Welsh Education Minister Leighton Andrews will be questioned by MPs this morning about why he ordered a regrade last summer of the GCSE English exam set by the Welsh exam board, the WJEC. His decision overturned a change in grade boundaries backed by the Education Secretary at Westminster.
It meant that hundreds of Welsh school pupils were moved up a grade from the results they were initially given. That's led to claims that Welsh and English exam candidates were marked to different standards as there was no regrade in England, even for pupils who sat the WJEC exam.
Mr Andrews has written to the Chair of the Education Select Committee before he gives evidence to MPs and answers their questions. He blames Education Secretary Michael Gove for any damage to the link between Welsh, English and Northern Irish examinations. (Scotland has always had its own system).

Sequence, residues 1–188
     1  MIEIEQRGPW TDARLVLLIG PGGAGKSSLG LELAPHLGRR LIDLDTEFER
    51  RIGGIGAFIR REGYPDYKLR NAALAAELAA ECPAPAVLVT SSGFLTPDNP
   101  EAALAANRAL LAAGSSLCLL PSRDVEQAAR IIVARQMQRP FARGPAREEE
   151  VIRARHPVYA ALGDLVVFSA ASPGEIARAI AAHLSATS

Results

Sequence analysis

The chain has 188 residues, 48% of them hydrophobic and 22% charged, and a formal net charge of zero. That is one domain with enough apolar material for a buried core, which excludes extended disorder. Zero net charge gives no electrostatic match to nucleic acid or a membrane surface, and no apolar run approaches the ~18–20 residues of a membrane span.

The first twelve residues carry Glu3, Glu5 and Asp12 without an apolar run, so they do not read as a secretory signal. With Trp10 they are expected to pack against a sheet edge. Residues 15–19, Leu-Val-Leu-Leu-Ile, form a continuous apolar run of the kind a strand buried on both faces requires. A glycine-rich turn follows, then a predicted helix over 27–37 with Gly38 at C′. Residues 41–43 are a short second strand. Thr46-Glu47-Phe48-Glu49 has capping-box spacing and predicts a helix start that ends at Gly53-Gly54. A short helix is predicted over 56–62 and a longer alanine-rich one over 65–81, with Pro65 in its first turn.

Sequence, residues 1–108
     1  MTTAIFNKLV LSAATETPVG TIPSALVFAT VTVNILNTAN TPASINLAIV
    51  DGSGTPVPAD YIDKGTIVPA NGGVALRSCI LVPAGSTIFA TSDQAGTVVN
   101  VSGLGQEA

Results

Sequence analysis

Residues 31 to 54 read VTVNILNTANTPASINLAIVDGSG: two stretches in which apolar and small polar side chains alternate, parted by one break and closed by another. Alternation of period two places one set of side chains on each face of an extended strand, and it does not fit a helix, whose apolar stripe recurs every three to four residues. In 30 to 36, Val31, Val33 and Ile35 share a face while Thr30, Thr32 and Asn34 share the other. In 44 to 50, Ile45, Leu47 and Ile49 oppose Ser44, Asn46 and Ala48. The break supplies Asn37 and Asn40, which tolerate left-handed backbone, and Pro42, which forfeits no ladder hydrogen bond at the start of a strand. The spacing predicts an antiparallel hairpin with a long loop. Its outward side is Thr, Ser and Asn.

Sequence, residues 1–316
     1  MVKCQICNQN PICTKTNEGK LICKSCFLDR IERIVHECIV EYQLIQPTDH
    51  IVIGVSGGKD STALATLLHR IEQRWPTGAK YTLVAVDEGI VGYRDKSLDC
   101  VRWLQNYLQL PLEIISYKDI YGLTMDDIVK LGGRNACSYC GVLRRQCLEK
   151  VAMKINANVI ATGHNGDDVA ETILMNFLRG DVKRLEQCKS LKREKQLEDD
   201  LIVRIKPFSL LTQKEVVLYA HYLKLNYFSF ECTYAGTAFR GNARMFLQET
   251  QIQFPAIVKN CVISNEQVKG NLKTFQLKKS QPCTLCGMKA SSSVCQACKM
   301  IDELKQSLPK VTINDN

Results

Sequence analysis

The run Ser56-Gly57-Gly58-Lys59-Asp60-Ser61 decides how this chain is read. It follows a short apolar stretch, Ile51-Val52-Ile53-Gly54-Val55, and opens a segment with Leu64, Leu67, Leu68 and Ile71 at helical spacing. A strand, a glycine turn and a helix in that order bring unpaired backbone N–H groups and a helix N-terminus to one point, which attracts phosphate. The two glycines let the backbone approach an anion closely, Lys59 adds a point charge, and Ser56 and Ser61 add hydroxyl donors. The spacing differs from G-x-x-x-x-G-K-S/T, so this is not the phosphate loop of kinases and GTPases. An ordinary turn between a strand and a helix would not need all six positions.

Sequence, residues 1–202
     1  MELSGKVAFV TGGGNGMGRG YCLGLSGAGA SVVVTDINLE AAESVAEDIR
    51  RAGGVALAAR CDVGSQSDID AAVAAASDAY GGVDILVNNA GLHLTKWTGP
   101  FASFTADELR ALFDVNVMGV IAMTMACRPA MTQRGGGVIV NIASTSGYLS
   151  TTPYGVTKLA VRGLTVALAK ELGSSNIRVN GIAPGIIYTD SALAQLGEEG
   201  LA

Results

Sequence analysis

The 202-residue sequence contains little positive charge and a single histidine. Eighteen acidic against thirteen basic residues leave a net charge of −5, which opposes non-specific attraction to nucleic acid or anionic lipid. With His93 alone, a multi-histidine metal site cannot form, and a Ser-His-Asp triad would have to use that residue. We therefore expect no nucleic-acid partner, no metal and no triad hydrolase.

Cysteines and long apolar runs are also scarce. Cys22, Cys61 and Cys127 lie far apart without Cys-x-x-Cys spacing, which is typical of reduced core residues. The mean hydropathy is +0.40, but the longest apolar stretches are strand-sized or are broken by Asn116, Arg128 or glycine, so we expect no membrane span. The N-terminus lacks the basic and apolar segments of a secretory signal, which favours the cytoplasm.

GCSEs and A levels are three-country qualifications ... owned jointly by the CCEA (the examinations body in Northern Ireland), Ofqual [who regulate exams in England] and the Welsh Government. You may be interested to know that John O'Dowd, the Minister for Education in Northern Ireland, and I wrote to the Secretary of State for Education on 1 August last year asking for a meeting with him ... he rejected that request, which is unfortunate.
The GCSE English Language grading last year has raised issues that go to the heart of GCSEs as three-country qualifications, including the use of Key Stage 2 indicators -not historically used in either Northern Ireland or Wales- as factors bearing on the setting of grades in GCSEs. [There is also] the question of achieving 'comparable outcomes' ... which Ofqual now appears to see as a year-on-year device to prevent what is sometimes called 'grade inflation'.
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